My day had started badly with another argument with an inanimate object. The paper napkin I had at breakfast had refused to stay on my lap and, as a means of punishing it, ignoring its mitigating plea that is was impossible to stay put on a lap consisting of leather trousers, I ripped it into very small pieces. It won’t do that again, I can tell you.
We set off from Annecy after a quick fiddle with the sat nav mounting on the tank of my bike. I couldn’t find any loose connections, so just carried on without the voice prompts, blissfully unaware that the unit was not being charged, so would fail soon.
Heading north-west out of town, we took the unexciting N508 up to Bellegarde-sur-Valserine, where we suffered a short-lived bout of geographical embarrassment, though we were soon back on track. Sadly, all these months on and, having deleted the files from my Garmin Connect account, I don’t know exactly which route we took, though I’m virtually certain we headed to Champfromier on the D991, before diverting onto a tiny road through a forest of the same name. Through Giron, we headed north on the D33 to St Claude. It was a great morning of reasonably gentle riding on narrow, completely traffic free roads. I’m pretty sure we didn’t see a car coming in the opposite direction for the whole ride. This is mountain country though and the journey to the Col de la Croix de la Sierra was all up hill before we descended steeply from a lofty 1049 metres. Distracted by the Garmin flashing ‘BATTERY LOW’ at me, I turned right at the junction with the D436, somewhat fortuitously, as the road was closed and a stop to check the map, revealed my folly.
|Checking the map|
We turned around and headed through St Claude where we stopped for petrol. Here something had to be done to ensure we stayed on track for the rest of the day. I am long sighted and have found over the years that I am unable to read a map stowed in a motorcycle tank bag, it’s just too close. Especially when trying to ride the motorcycle in question. Hence the need for the sat nav which has clear graphics and voice prompts. Most of the time anyway. Whilst eating a Snickers and gulping a bottle of water, I sat at a table about six feet from the petrol pumps and, reading glasses on, studied the map. Mike acquired some paper from the cashier and I wrote out a series of route cards, in big black letters, which would cover the rest of the day. The old ways are often the best and we didn’t take a wrong turn until we were back in the UK.
This stretch of the trip was brilliant. We headed west then south on the D436, a big wide road, with few cars and some bends to entertain, as long as you’re not riding too conservatively. At Dortan we turned right onto the D936 to be engulfed by the wonderful place that is rural France. It felt almost perfect and part of me wanted to start to stop and soak up the tranquility. But we has places to be and this, after all, was a motorcycling holiday, not an ornithology getaway. The road ran along eastern the shore of Lac de Coiselet, passing the dam until Thoirtette, where we turned right and right again onto the D109. This started off as a right pain, as it was scattered with loose gravel, making progress hazardous, at least at any speed. To make things worse, we suffered the ultimate ignominy, being overtaken by a Mum carrying her children in a drab coloured Renault Scenic. At the top of the hill though, the surface recovered and we opened the throttle. The bends flowed and turned, tight ones, open ones, blind ones, mostly perfect ones. Leaning one way, then the other, up and up, through forests on pale grey Tarmac, Madame Scenic was soon despatched and, for a while I felt like I could consistently ride a motorcycle at speed. It is glorious when you finally stop and cannot remember one little mistake, your heart pumps and feel like bursting with exhilaration.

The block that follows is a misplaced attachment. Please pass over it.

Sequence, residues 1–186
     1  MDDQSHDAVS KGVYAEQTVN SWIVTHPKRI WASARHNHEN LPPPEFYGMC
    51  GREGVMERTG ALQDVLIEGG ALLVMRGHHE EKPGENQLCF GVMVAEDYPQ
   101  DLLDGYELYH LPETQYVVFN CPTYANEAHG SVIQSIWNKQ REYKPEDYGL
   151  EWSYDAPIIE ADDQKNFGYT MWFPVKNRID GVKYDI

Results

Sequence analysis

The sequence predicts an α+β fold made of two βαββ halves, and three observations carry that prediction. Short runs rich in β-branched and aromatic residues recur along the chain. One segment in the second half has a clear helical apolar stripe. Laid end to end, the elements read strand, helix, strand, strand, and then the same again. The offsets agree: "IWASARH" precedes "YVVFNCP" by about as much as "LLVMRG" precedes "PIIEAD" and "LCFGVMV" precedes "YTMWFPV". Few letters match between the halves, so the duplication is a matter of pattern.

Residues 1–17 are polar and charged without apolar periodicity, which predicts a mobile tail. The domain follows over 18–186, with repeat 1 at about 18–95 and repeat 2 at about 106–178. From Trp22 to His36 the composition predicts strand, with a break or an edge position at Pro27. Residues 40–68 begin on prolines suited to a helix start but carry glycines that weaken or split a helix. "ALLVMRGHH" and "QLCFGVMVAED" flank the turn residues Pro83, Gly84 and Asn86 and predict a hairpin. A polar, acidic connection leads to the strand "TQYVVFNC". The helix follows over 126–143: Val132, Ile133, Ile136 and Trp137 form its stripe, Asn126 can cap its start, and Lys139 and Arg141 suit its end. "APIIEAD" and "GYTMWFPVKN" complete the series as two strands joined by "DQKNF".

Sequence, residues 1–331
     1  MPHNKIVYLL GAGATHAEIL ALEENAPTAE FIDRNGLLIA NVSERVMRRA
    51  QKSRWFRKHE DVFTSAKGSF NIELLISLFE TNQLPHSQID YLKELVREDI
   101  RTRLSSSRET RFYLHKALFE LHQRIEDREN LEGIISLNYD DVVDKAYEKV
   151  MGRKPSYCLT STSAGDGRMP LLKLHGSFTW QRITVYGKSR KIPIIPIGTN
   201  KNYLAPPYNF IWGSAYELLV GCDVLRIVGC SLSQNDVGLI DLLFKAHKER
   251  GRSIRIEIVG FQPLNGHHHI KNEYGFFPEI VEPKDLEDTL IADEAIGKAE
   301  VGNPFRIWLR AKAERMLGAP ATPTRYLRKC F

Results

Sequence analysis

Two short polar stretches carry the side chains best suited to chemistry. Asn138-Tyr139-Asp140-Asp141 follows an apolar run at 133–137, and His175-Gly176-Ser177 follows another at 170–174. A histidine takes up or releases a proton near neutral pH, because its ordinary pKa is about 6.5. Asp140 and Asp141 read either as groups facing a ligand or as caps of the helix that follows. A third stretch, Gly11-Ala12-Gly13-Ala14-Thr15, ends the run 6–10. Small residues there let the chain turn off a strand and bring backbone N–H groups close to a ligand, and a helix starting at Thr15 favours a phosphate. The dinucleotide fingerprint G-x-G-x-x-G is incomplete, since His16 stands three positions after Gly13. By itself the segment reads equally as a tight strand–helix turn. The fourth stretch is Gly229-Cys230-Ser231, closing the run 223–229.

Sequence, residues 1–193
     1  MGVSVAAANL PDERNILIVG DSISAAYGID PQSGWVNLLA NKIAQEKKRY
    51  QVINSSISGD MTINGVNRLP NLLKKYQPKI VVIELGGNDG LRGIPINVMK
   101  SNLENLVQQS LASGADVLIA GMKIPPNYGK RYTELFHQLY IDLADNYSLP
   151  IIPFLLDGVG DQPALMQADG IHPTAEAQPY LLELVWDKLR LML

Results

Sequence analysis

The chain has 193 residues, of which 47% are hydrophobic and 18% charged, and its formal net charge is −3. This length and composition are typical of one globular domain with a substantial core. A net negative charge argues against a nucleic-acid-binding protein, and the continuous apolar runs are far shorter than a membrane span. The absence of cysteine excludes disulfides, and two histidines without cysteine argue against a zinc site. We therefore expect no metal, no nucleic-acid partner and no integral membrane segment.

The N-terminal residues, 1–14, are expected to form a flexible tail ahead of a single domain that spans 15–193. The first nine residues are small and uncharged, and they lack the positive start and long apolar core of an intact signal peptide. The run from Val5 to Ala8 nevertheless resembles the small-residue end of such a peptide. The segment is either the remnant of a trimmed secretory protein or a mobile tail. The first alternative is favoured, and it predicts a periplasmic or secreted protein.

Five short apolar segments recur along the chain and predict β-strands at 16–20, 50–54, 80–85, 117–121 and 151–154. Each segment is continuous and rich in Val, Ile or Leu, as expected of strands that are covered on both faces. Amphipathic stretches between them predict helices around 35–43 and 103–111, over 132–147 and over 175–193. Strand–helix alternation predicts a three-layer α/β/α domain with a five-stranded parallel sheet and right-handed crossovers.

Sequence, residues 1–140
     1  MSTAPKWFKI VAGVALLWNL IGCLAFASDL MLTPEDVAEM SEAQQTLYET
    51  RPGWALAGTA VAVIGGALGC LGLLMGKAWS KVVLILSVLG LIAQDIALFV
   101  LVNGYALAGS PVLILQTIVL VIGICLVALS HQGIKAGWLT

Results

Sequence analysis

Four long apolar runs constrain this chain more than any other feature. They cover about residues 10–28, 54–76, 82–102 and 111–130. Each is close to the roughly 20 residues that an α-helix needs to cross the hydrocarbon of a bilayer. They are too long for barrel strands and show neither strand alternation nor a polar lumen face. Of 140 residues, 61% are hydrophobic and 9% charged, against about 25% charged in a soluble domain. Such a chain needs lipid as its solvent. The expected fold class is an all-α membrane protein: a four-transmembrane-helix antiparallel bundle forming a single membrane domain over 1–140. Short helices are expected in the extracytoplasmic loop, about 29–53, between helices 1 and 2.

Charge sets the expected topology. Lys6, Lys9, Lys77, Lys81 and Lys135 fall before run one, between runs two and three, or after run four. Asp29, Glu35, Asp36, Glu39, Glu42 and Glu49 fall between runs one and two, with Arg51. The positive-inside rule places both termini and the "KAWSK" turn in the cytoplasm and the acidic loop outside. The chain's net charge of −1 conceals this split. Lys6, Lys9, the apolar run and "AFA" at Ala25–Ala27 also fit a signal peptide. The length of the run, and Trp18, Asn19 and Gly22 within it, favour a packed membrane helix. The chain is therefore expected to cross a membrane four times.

|Waiting at the bridge. Small man - big helmet|
This continued to Arinthod, where we turned left on the D3. Road works scuppered the rhythm where a bridge was being rebuilt, so we dismounted and sat in the shade for about 15 minutes, watching a steel girder being lowered and the only driver getting frustrated. Had we not been held up for that time the idiot woman who pulled out on me at a junction would have been well behind us, luckily I had anticipated her being confused about the road layout, which was, to be fair, a little ambiguous, though I’m sure she didn’t even see me.
After a few more miles of twisty, turning, undulating roads we started the descent from St Julien to St Amour, dropping from 590 metres, down to about 200 metres over a distance of 8 miles. Knowing the route, it was obvious to me that these were to be the last few bends on mountain roads for this trip and, as if knowing this, the final escarpment provided a view fitting for such an occasion. Visibility was perfect and, in the far distance, I could just see the grey lumps of what must have been the Massif Centrale off to the south and west: to the north-west there was nothing but flatness. I managed to take all this in without stopping, but really wish I had found somewhere to appreciate it and maybe have taken some very poor photos, which would never have done it justice . The road didn’t disappoint either. Steep, it snaked its way down to the valley on good quality tarmac.
I always think there’s a difference when you return to normal elevations. You can feel the openness, perhaps the lowness. There is also a different atmosphere in the towns and on the roads, borne not only from the lack of hills, but it all seems that tiny bit more congested, more frantic, urban and modern, even in sleepy, rural France. Mountains have drama, but a tranquility and a maturity. I love the mountains. Which is why, as I sit locked in my house, with gales blowing outside, plans are already under way for another visit. Despite the rain, and my stated intention to not go back to the Alps because of the it, we’ll be back there this June.
As for the rest of this trip? Well, we meandered across to Maçon, where we joined the Autoroute and headed north to Beaune. For the second year running we stayed in the same room at Hostellerie de Bretonniere and drunk beer in our garden, we visited the same restaurant and ate the same things; for they are the rules. The next day we blasted up the Autoroute, 528 miles home, though we stopped at some services for a chat with Nigel, who was heading the other way to cycle the roads we’d ridden. Back in Cambridgeshire I was surprised when Mike rode straight past his junction, taking the long way home. Had he forgotten where he lived? More worrying, was he expecting to spend another night with me? Or was he was dreaming of the next adventure?